Chicago Professor Shares Nobel Prize In Physics
STEVE INSKEEP, Host:
This is the week that the Royal Academy of Sciences in Sweden is awarding the Nobel Prizes. And if you did not get an early morning call today, I'm sorry to report that you did not win the prize for physics which is out. NPR's Nell Greenfieldboyce is here to tell us who did. Good morning.
NELL GREENFIELDBOYCE: Good morning.
INSKEEP: OK. Who won?
GREENFIELDBOYCE: Well, it was three people actually. They're all theoretical particle physicists, and they study the fundamental building blocks of the universe. The first was Yoichiro Nambu from the University of Chicago, and there were also two researchers in Japan who are named Makoto Kobayashi and Toshihide Maskawa.
INSKEEP: Fundamental building blocks of the universe, that sounds pretty basic, but I bet it's not.
GREENFIELDBOYCE: Well, let me just tell you what the Nobel Committee said they got the prize for. The citation says two things. First, quote, "The discovery of the mechanism of spontaneous broken symmetry in subatomic physics." And, quote, "The discovery of the origin of broken symmetry which predicts the existence of at least three families of quarks in nature," unquote.
INSKEEP: OK, OK. If I'm with a human family rather than a family of quarks, what does this mean to me?
GREENFIELDBOYCE: Well, basically you have to know that physicists like things to be simple and symmetrical and beautiful and elegant. Unfortunately, the universe wouldn't exist if it was symmetrical. That's because you've got matter, and you've got anti-matter, and if the universe was symmetrical - you know, completely even on both sides - they'd cancel each other out, and there'd be nothing here. We wouldn't be here having this conversation, but we are here...
INSKEEP: Like the way that sound waves can cancel each other out. That would be the problem. OK, all right.
GREENFIELDBOYCE: But we are here, right? So there's obviously some sort of asymmetry in the universe. There's some sort of slight excess of matter after the big bang that was the seed for this whole universe that we live in. So this gets to the issue of subatomic particles. And with nice symmetrical equations, the kind that physicists would normally like to write, that make them happy, there would be no way to explain why subatomic particles, all these building blocks of the universe, have different masses.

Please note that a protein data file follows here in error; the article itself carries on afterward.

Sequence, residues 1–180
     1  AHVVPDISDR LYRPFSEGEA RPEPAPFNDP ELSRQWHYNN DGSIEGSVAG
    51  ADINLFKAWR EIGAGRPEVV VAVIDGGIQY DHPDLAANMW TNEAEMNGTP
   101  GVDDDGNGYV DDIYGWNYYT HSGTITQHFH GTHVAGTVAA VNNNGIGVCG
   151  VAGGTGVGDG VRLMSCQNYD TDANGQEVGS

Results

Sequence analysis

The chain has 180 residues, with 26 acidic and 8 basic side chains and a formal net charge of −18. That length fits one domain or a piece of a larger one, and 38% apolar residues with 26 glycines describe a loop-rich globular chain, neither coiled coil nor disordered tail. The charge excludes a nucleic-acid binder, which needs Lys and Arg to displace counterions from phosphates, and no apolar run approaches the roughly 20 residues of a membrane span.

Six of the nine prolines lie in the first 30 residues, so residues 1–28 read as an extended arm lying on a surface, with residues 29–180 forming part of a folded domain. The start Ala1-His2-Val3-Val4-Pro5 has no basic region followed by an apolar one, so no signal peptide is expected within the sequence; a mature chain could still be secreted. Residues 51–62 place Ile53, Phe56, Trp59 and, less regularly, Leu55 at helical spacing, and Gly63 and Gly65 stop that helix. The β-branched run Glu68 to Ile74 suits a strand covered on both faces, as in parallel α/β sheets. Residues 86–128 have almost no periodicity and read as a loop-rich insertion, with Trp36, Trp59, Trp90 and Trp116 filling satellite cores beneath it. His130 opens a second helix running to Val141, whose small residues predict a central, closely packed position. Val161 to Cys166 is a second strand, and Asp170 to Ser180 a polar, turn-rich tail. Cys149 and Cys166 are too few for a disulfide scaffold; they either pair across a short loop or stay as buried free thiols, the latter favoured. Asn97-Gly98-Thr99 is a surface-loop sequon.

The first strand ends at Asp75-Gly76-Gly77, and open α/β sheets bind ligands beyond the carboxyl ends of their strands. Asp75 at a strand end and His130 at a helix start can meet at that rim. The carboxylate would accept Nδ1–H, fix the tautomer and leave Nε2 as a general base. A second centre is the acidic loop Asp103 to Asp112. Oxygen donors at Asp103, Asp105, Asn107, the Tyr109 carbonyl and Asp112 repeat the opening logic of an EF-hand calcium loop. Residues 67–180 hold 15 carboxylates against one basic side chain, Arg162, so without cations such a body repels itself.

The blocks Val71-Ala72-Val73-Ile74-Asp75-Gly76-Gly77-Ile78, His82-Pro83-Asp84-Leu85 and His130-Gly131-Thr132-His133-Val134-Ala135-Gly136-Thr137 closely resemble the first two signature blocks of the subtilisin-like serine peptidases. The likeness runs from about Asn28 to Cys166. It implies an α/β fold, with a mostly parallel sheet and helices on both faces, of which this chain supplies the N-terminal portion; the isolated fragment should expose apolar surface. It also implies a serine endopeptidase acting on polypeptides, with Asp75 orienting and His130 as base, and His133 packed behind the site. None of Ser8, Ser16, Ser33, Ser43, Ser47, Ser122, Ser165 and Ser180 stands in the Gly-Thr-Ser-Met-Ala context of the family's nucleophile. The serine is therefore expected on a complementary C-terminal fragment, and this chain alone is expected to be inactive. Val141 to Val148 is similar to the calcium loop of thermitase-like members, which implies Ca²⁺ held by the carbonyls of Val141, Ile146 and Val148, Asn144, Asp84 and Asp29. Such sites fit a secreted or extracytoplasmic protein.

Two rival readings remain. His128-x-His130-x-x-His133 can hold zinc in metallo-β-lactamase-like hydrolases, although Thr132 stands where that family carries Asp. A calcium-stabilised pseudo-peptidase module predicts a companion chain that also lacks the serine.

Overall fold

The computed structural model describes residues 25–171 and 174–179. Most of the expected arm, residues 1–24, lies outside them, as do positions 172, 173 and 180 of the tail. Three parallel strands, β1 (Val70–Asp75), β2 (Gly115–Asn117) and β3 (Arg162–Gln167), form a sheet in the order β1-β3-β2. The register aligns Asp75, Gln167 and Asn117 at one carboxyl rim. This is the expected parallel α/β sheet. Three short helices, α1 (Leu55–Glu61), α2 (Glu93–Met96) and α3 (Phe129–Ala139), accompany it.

Some are big, heavy things, some are light. And one of the Nobel winners found a way to get around all this mass. And out of his work came this idea, some other researchers built on it and came up with this idea that there's this magical particle out there called the Higgs particle, and that's been called the Dodd particle. And this would help explain why things have mass. And this is what they're looking for. Remember that big new particle accelerator that they've just been building in Europe that they're trying to get started.
INSKEEP: Oh sure, there's television - dramatic television pictures of this thing.
GREENFIELDBOYCE: Right, right.
INSKEEP: It's huge, huge.
GREENFIELDBOYCE: So at that big machine in Europe, they're going to be - called the Large Hadron Collider - they're going to be looking for this particle that has mass. So that's one of the guys. So the other two researchers cited looked at some weird experimental physics results, and they predicted that there had to be some other subatomic particles out there that would explain these weird results they got. And this would be a third family of what are called quarks. And they turned out to be right, so they get the prize.
INSKEEP: I just want to put this into the most basic terms. These guys are trying to figure out the most fundamental rules of how things work, of how the universe works, of how tiny particles work. And after all these years of research and thinking, we still don't really understand it. And they're trying to come up with theories that would explain the holes in all the theories we already have. Is that right?
GREENFIELDBOYCE: Absolutely, yeah.
INSKEEP: And so what do you get for that kind of work?
GREENFIELDBOYCE: Well, the Nobel Prize in terms of dollars is $1.4 million, which they'll all be sharing. And they also get an actual medal. It's like a gold medal with Nobel on one side of it.
INSKEEP: Oh, which they can now try to figure out what's going on in the subatomic particles of their medal, I suppose.
GREENFIELDBOYCE: It's gold, so yeah, they can work on that.
INSKEEP: Nell, thanks very much.
GREENFIELDBOYCE: Thank you.
INSKEEP: That's NPR's Nell Greenfieldboyce.
NPR transcripts are created on a rush deadline by Verb8tm, Inc., an NPR contractor, and produced using a proprietary transcription process developed with NPR. This text may not be in its final form and may be updated or revised in the future. Accuracy and availability may vary. The authoritative record of NPR’s programming is the audio record.